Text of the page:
HealthDay News — Diabetes is associated with increased incidence of conjunctivitis, according to a study published in Diabetes Care.
Abdus Samad Ansari, from the University of Surrey in Guildford, United Kingdom, and colleagues conducted a 2-stranded study to examine whether infectious disease affecting the external eye and surrounding structures is associated with diabetes. They measured the incidence of infections over 6 years in a whole population cohort study to examine the frequency of eye infections in those with vs without diabetes, and in a cohort study in a population with diabetes to examine the impact of glycemic control on eye infection rates. The total population was 938,440 individuals without diabetes and 48,584 individuals with diabetes (3,273 with type 1 diabetes and 45,311 with type 2 diabetes).
The researchers found that type 1 and type 2 diabetes correlated with significantly increased incidence of conjunctivitis after adjustment for confounders and amendment of P values for multiple comparisons using the Bonferroni and Sidak corrections (odds ratio [ORs]:, 1.61 and 1.11, respectively). There were no correlations with blepharitis, stye/chalazion, periorbital cellulitis, keratitis/keratoconjunctivitis, lacrimal gland infection, or endophthalmitis.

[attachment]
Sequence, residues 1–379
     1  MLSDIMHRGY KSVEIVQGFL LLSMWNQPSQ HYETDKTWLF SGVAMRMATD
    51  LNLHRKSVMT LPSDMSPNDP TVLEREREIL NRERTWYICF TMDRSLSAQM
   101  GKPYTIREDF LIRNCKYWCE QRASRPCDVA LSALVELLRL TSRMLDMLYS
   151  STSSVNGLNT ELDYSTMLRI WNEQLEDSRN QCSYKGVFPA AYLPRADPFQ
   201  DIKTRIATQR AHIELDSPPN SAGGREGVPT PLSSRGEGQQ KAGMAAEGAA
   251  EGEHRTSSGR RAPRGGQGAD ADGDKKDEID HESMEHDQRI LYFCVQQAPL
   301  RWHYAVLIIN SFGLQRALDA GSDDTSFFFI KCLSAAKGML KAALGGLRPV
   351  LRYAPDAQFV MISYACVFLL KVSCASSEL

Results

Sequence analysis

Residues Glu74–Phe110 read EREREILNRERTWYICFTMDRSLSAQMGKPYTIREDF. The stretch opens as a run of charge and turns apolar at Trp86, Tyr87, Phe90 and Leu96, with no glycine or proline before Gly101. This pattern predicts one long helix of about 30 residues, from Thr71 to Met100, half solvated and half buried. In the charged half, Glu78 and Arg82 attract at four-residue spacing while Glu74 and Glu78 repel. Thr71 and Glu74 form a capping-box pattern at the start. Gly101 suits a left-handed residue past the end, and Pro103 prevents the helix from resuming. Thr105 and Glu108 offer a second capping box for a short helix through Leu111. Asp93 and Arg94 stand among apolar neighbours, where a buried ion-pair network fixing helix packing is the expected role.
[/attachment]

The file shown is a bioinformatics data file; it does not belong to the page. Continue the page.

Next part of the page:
There was no correlation for glycemic control with any infection. Diabetes also correlated with significantly increased incidence of antimicrobial prescriptions (ORs: 1.69 and 1.17 for type 1 and 2 diabetes, respectively).
“We found that conjunctivitis occurs more frequently in people with diabetes,” the researchers wrote.
Disclosures: Several authors disclosed financial ties to the pharmaceutical, medical technology, and medical device industries.
- Ansar AS, de Lusignan S, Arrowsmith B, Hinton W, Munro N, McGovern A. Association between diabetes, level of glycemic control, and eye infection: a cohort study [published online December 29, 2016]. Diabetes Care. doi:10.2337/dc16-2320